Why these vigilantes?

MERICLE: Felicity has been tracking all of the new vigilantes in town. Evelyn Sharp, who will be Artemis, is somebody that Oliver is pretty confident that he can mold. He succeeded in turning her in Episode 419, so he’s like, “Okay, maybe her. But, this other guy? This Wild Dog guy? No idea what this guy is going on about!” Wild Dog is the one who gives him the most trouble, early in the season, and he’s also the guy who has his own dark past and is going to be dealing with his own legacy. And then, Ragman has a very spiritual identity and he comes from a place of really honoring his Jewish religion. He’s going to present some moral challenges to Oliver. He’s like a parent to these guys. They’re going to drive him crazy.

One of my colleagues who knows far more about comic books than I do wants to know if you’re modeling this group of vigilantes after The Outsiders?


Image via The CW

MERICLE: In terms of an actual model of a team, we haven’t talked about that a lot. I think what we wanted to do was really look at it from the specific point of view of Oliver, Felicity and Dig. It’s tough to find characters in any other setting that would have that unique blend of perspectives. These are the comic book characters that spoke to us the most, and we felt would represent the biggest challenges to our guys. It’s going to be a ride.

Curtis Holt seems to want to get involved, but doesn’t have any idea what that really means. Will he get way more than he bargained for?

MERICLE: Oh, yeah! He’s definitely bitten off a lot more than he can chew. The fun part about Curtis is that he really wants to do it, but in many ways, he’s the least equipped to do it, especially out in the field. He’s a very smart guy, but throwing punches is not his forte. You’ll be seeing the evolution of Mr. Terrific, and him dealing with his husband. His husband will have to come to terms with the fact that Curtis is out there fighting crime. I’m not sure Paul is going to be too excited about that.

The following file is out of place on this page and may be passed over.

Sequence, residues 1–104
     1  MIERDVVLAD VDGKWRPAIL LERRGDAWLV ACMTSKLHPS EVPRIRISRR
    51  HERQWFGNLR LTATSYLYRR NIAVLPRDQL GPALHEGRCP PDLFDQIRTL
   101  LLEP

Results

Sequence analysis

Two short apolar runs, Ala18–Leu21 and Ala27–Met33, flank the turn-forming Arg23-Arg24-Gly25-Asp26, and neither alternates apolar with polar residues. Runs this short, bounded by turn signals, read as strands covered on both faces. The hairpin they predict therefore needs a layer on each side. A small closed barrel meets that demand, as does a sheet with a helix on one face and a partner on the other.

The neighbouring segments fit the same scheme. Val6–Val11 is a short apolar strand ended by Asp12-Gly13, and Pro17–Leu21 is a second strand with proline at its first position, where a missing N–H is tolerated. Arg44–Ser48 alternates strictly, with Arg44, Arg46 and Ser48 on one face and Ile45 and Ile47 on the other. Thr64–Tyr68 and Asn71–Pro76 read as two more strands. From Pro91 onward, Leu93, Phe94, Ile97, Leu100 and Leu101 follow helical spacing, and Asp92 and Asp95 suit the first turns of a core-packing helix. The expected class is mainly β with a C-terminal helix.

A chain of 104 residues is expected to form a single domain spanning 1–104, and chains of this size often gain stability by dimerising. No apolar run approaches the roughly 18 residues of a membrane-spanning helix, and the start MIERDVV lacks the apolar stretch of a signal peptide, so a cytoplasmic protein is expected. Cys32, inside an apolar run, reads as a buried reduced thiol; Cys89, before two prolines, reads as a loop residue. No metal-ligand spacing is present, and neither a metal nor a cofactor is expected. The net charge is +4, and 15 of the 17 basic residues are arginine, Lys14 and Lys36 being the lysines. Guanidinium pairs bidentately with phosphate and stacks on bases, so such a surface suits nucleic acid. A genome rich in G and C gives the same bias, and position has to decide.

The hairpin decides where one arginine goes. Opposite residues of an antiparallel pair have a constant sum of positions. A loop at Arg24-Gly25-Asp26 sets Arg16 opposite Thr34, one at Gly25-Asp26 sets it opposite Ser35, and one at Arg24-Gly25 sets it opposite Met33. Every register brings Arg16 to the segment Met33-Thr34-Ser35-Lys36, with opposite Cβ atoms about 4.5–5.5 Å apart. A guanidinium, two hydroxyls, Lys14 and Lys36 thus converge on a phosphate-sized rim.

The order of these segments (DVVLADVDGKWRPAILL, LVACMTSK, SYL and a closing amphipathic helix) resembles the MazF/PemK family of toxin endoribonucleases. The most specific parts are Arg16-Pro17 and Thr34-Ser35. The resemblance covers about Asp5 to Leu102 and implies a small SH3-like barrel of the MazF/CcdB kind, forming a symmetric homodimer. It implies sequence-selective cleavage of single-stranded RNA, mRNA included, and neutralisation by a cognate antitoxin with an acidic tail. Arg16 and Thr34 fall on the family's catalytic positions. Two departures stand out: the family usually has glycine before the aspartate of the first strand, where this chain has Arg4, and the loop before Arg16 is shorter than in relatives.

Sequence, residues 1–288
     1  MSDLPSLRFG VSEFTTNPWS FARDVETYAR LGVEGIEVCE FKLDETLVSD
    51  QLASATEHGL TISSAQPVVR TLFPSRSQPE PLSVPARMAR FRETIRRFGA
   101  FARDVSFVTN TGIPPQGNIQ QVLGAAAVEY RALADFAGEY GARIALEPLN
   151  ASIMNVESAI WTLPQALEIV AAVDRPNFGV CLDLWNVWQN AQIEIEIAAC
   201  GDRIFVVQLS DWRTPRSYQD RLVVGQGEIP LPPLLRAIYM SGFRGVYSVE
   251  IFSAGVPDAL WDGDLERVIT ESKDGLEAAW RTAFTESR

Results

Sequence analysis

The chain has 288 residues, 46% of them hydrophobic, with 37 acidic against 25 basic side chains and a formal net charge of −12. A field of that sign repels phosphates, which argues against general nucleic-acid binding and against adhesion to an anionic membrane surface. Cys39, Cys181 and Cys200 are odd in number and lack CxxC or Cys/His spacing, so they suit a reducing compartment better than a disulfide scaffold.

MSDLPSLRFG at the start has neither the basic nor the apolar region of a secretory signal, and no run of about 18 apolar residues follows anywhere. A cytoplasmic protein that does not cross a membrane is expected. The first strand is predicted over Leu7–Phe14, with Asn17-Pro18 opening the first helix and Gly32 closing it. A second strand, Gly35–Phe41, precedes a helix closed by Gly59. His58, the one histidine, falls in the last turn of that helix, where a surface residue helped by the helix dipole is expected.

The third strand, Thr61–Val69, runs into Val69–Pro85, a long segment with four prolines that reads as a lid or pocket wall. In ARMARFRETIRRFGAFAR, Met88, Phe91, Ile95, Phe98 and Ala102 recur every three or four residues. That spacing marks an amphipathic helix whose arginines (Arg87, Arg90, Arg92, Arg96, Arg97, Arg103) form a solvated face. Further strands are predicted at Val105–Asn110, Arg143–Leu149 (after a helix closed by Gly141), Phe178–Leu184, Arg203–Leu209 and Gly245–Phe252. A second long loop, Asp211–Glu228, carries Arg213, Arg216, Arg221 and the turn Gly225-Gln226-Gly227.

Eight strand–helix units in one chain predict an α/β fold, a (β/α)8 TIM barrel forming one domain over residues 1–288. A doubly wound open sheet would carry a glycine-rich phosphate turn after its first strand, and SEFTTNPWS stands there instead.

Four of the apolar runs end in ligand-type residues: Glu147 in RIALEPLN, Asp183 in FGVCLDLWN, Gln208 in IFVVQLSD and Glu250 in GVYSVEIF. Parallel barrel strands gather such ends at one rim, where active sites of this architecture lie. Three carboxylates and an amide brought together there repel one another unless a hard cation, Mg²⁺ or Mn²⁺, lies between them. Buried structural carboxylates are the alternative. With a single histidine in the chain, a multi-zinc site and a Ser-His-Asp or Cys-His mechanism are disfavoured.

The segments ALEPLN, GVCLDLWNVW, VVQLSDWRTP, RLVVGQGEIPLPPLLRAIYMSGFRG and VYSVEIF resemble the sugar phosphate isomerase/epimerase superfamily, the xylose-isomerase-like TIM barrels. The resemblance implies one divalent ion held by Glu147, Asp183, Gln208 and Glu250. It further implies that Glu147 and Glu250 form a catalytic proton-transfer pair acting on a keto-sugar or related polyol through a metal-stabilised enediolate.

Are you going to follow the Mr. Terrific that we know from the comics, or will there be a departure there?

MERICLE: In some ways. I would say we’ll definitely evolve the comic book characters this season, and he’ll be the closest to the original storyline. Canon, to us, is a starting part. In the show’s DNA, at its inception, is that it’s not the Green Arrow your father knew. It was very much inspired by Christopher Nolan movies and The Dark Knight, and they’ve been very open about that, from the beginning. It will always be inspired by the canon, but it won’t necessarily go as far as some comic book fans might want it to.

How does Diggle’s family feel about how he’s dealing with things?

MERICLE: Dig is in an interesting place. Coming out of last year, he feels this tremendous guilt about murdering his brother. He’s gone back to what he knows, which is the military, and he’s going to discover that he’s not going to find what he’s looking for there. He’s going to find it when he comes back to the team. But when he comes back to the team, it’s a whole other team. He’s got this other element to deal with, which is these punk kids that are coming in there to take his spot. He’s not going to be on board with that. He’s going to go through some complicated stuff. He’s got an interesting arc this season. I think he’s going to, in a lot of ways, be very similar to where Oliver was in Season 1. That will be fun to play with. We love him. His family is great, and they’re going to be a big part of the season, for sure. We’re going to see Lyla. We love Lyla.